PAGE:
“I know you are unwell but do you want to come to V V Puram next Friday after you return from Sydney?”
“What is that place?”
“Some street with street food”
When you are stuck in a hotel room for 4 days, with a contagious infection and dreams of going out every night on your first visit to Sydney hurting every corner of your existence, you would go to Timbuktu to try poison with a sworn enemy.
This was still my friend Nibbles asking me to come to an obscure sounding place to eat street food. But then, my North Indian ears were used to hearing names of places that were a stiff Sanskrit, a romantic Urdu, hostile Haryanvi, or lovingly wicked Punjabi. To such a set of ears, every place in South India sounded like either one of the many Hindu gods lived there or the name of a few hundred year old kingdom. In Bangalore, such places usually turn out to be old, dirty lanes with small shops and a large traffic jam just as the Sanskrit, Urdu, Haryanvi or Punjabi sounding places do.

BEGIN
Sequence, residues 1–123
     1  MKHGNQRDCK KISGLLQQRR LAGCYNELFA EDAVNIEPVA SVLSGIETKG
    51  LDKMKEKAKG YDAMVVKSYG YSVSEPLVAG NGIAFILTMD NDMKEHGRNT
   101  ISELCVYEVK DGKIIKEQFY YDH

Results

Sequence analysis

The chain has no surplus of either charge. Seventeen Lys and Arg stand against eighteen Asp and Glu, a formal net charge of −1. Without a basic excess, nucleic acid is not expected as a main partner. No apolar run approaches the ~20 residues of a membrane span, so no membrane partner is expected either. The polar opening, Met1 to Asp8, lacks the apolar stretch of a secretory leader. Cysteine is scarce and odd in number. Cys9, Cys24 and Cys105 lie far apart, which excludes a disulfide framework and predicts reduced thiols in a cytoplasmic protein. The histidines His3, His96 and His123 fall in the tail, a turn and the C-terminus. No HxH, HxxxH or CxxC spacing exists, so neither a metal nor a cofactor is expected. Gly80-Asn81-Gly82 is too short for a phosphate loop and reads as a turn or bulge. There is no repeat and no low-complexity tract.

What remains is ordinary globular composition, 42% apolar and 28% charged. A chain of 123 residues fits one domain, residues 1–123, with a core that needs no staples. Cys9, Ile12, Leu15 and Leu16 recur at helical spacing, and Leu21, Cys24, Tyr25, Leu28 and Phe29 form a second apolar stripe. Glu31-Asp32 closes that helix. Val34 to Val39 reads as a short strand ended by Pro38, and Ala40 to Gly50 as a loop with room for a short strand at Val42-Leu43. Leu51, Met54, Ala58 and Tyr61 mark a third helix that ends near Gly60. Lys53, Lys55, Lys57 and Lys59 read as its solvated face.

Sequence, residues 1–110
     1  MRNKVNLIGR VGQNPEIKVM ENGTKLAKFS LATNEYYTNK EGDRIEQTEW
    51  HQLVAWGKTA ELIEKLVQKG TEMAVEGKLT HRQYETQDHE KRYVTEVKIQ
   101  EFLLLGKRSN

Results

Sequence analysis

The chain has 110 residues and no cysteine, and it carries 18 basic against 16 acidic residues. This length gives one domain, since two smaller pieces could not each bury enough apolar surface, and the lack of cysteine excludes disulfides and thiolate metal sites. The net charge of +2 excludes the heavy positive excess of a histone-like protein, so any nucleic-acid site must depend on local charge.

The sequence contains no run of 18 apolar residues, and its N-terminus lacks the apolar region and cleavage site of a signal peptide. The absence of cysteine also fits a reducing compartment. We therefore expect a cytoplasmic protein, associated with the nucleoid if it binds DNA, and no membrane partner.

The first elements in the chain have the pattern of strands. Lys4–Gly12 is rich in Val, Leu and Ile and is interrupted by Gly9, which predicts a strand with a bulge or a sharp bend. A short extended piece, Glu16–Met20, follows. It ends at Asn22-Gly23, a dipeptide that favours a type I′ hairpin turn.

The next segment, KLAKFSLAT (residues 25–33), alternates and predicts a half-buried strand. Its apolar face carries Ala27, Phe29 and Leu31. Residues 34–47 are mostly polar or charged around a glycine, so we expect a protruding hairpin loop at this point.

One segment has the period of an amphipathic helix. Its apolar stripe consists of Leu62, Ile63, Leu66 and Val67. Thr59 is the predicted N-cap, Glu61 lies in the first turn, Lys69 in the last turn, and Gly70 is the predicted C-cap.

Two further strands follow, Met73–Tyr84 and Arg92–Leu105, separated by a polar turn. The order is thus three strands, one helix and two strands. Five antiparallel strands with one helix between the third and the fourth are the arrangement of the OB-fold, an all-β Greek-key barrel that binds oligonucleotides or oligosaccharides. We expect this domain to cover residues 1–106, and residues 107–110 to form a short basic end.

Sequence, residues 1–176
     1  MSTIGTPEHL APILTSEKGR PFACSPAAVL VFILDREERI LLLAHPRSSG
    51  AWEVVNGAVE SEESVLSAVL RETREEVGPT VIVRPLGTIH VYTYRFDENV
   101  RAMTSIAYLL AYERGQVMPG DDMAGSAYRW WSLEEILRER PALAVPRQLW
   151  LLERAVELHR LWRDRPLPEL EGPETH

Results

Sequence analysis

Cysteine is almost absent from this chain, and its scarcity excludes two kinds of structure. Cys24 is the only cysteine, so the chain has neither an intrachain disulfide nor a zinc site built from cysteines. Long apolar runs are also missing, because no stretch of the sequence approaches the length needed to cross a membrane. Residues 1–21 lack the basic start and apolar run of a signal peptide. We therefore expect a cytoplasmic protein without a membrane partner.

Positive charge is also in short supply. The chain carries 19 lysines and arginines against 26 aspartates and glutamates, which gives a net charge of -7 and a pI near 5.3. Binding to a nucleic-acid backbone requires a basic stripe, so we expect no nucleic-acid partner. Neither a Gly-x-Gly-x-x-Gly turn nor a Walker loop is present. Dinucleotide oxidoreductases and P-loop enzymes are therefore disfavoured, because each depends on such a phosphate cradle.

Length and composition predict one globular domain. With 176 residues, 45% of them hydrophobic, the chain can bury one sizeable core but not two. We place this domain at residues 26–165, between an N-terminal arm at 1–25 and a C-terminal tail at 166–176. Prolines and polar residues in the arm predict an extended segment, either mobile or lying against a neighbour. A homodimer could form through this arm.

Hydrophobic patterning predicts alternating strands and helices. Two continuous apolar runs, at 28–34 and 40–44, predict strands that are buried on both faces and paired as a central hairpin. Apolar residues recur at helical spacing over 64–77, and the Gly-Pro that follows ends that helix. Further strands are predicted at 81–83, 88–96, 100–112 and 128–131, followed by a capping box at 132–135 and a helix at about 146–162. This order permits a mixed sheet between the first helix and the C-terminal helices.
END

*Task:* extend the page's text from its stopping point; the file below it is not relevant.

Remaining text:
Sometimes I am grateful to god for not giving me the capacity to think too much or go to google and begin researching every place I was planning to visit.
Google, for its pros, belts the cat of curiosity instead of letting it loose on the real experience. However, true to my lack of capacity to think, I did not search or even make Google the culprit for killing my curiosity. It’s only in the hindsight that I came up with this brainwave of blaming Google for not ever testing the validity of my North Indian superiority complex about the street food in a South Indian city.
The D-day arrived; my friends picked me in a cab they had hired to go to V V Puram, 27 kms away, to do what? Eat?